Although on first meeting a shy, even austere man, Heuston was a delightful, witty and insightful companion. He was also a devoted teacher. Generations of undergraduates at Pembroke College, Oxford (where he was a Fellow from 1947 to 1965), remember him as the proverbial guide, philosopher and friend - and sometimes rather intimidated dean. His time as the college's first Law Fellow ensured an eminence to law teaching at Pembroke which was continued by his successors - Dan Prentice and John Eekelaar. He loved the college's traditions and he enjoyed and savoured those same traditions at Trinity College Dublin, where he moved as Regius Professor in 1970, after five years as Professor at Southampton University.
Intellectually, Heuston was probably a transitional figure in both the study of tort law and of legal history. His successive editions of Salmond on Tort showed a growing breadth of interest outside mere black letter law. Inevitably, however, his tentative steps towards a more contextual approach tended to be overshadowed by the work of P.S. Atiyah and the disciples of the American law and economics schools. At the same time, his contributions, through the 10 editions from 1953 to 1992, were of great significance to academics and practitioners in both United Kingdom and the Commonwealth.
As the years progressed his interest in legal history grew. He is known chiefly for his continuation of Attlay's Lives of the Lord Chancellors. In a 1964 volume he brought the history up to 1940 and in his 1987 volume up to 1970. His somewhat gossipy, albeit deferential, style made his books especially popular with bench and Bar.
His volumes probably had less acclaim among the newer generation of legal historians who tended to be more analytical and less deferential. Robert Heuston himself was, in return, somewhat sceptical of the more controversial approach and proudly eschewed reading the more "advanced" social science contributions to the ongoing evolution of legal history.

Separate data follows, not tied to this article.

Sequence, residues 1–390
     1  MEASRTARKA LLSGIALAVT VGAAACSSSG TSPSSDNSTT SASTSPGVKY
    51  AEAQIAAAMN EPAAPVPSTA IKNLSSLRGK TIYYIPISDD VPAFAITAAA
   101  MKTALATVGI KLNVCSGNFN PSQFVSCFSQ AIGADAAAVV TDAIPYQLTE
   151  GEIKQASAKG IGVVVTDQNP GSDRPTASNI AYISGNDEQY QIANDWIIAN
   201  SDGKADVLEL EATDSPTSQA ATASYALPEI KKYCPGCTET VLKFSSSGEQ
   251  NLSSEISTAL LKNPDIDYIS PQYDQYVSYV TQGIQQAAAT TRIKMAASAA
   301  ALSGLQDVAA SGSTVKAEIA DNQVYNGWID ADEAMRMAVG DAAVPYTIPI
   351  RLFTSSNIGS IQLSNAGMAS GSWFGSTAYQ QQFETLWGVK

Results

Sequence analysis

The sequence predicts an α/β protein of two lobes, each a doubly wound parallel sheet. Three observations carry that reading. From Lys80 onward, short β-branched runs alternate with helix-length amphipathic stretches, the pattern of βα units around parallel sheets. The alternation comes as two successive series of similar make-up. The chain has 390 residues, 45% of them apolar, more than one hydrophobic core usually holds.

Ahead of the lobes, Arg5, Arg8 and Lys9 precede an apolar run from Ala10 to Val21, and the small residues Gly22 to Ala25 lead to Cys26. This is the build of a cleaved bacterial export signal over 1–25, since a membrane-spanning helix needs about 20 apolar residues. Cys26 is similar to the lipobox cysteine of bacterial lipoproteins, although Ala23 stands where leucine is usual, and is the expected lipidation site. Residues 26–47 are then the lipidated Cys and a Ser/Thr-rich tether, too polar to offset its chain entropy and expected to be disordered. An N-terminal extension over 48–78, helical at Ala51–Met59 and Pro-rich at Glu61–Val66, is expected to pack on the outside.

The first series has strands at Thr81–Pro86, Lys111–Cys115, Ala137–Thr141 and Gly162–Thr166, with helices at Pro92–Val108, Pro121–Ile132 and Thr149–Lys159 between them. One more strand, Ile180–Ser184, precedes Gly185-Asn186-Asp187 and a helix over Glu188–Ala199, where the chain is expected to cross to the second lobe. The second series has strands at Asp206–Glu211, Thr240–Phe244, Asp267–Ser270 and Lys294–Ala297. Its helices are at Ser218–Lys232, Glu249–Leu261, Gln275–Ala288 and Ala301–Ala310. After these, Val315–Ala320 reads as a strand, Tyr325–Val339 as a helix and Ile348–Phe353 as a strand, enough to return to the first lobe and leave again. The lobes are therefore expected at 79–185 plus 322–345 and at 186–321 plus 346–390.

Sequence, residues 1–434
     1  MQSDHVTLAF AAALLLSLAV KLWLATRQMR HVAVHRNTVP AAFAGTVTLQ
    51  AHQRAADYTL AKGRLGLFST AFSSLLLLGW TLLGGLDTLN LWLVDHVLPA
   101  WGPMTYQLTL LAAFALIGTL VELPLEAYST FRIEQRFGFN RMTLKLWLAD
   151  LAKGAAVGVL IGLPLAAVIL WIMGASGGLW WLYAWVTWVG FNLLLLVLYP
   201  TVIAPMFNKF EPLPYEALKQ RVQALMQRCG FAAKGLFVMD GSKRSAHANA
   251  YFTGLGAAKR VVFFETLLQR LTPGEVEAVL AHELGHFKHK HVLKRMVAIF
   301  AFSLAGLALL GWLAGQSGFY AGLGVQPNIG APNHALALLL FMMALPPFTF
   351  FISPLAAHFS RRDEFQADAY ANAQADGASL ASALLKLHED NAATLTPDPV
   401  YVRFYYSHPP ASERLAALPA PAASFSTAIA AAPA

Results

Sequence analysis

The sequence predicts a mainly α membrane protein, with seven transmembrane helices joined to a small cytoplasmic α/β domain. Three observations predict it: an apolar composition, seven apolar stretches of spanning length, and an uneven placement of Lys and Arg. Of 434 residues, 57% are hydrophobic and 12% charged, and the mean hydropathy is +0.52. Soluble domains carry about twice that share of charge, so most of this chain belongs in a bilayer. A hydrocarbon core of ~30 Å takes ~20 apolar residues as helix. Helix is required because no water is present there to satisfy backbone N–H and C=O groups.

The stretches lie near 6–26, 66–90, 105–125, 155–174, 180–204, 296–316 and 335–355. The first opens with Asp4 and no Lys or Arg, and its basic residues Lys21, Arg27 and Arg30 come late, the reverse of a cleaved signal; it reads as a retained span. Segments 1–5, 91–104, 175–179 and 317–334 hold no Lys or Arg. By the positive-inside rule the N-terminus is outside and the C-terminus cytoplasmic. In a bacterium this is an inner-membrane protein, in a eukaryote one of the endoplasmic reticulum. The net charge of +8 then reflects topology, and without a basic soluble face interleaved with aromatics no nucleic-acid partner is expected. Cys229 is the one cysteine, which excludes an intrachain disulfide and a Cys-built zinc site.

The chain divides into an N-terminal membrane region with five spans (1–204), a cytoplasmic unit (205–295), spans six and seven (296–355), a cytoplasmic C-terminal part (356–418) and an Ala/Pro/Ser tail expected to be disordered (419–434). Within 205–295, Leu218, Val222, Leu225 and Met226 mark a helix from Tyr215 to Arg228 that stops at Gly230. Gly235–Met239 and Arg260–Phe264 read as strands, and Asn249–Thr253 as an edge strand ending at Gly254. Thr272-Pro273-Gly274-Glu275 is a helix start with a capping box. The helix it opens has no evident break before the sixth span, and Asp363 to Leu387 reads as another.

Heuston was a son of the Protestant Ascendancy. His concern about the "betrayal" in 1922 and the contribution of the Castle Catholics influenced generations of his students. His lectures at Oxford on constitutional law, borne out of his Irish background, were thought by some to verge on the iconoclastic. This was particularly true for their views on fundamental law - views which, one might add, would now find at least some favour with a Laws or a Woolf.
His reputation extended through the common law world. A member of the Law Reform Committees in both England and Ireland, he had been Visiting Professor at the Universities of Melbourne and British Columbia as well as the Australian National University. His work has now been cited in most common law jurisdictions.
He married Bridget Bolland, widow of Neville Ward-Perkins, his economics colleague at Pembroke, in 1962, and became a successful father to her four children. His wife's illnesses, at their retirement home at Navan, north of Dublin, were a great sadness to him and kept him away from the legal institutions he loved so much. He was proud of being both a Honorary Bencher of Gray's Inn and King's Inns, Dublin, and deeply touched by being a made a QC last spring. It was a fitting tribute to a man who has done so much for his profession - and his friends.
Robert Francis Vere Heuston, legal scholar: born Dublin 17 November 1923; called to the Bar, King's Inns 1947, Gray's Inn 1951; Fellow, Pembroke College, Oxford 1947-65 (Honorary Fellow 1982), Dean 1951-57, Pro-Proctor 1953; Professor of Law, Southampton University 1965-70; member, Law Reform Committee (England) 1968-70, (Ireland) 1975-81; Regius Professor of Laws, Trinity College Dublin 1970-83; Arthur Goodhart Professor of Legal Science and Fellow, Jesus College, Cambridge 1986-87; honorary QC 1995; publications include Salmond and Heuston on Torts (as editor), 11th edition 1953 to 20th edition 1992, Lives of the Lord Chancellors, vol i 1885-1940 1964, vol ii 1940-70 1987; married 1962 Bridget Ward-Perkins (nee Bolland); died Navan, Ireland 21 December 1995.
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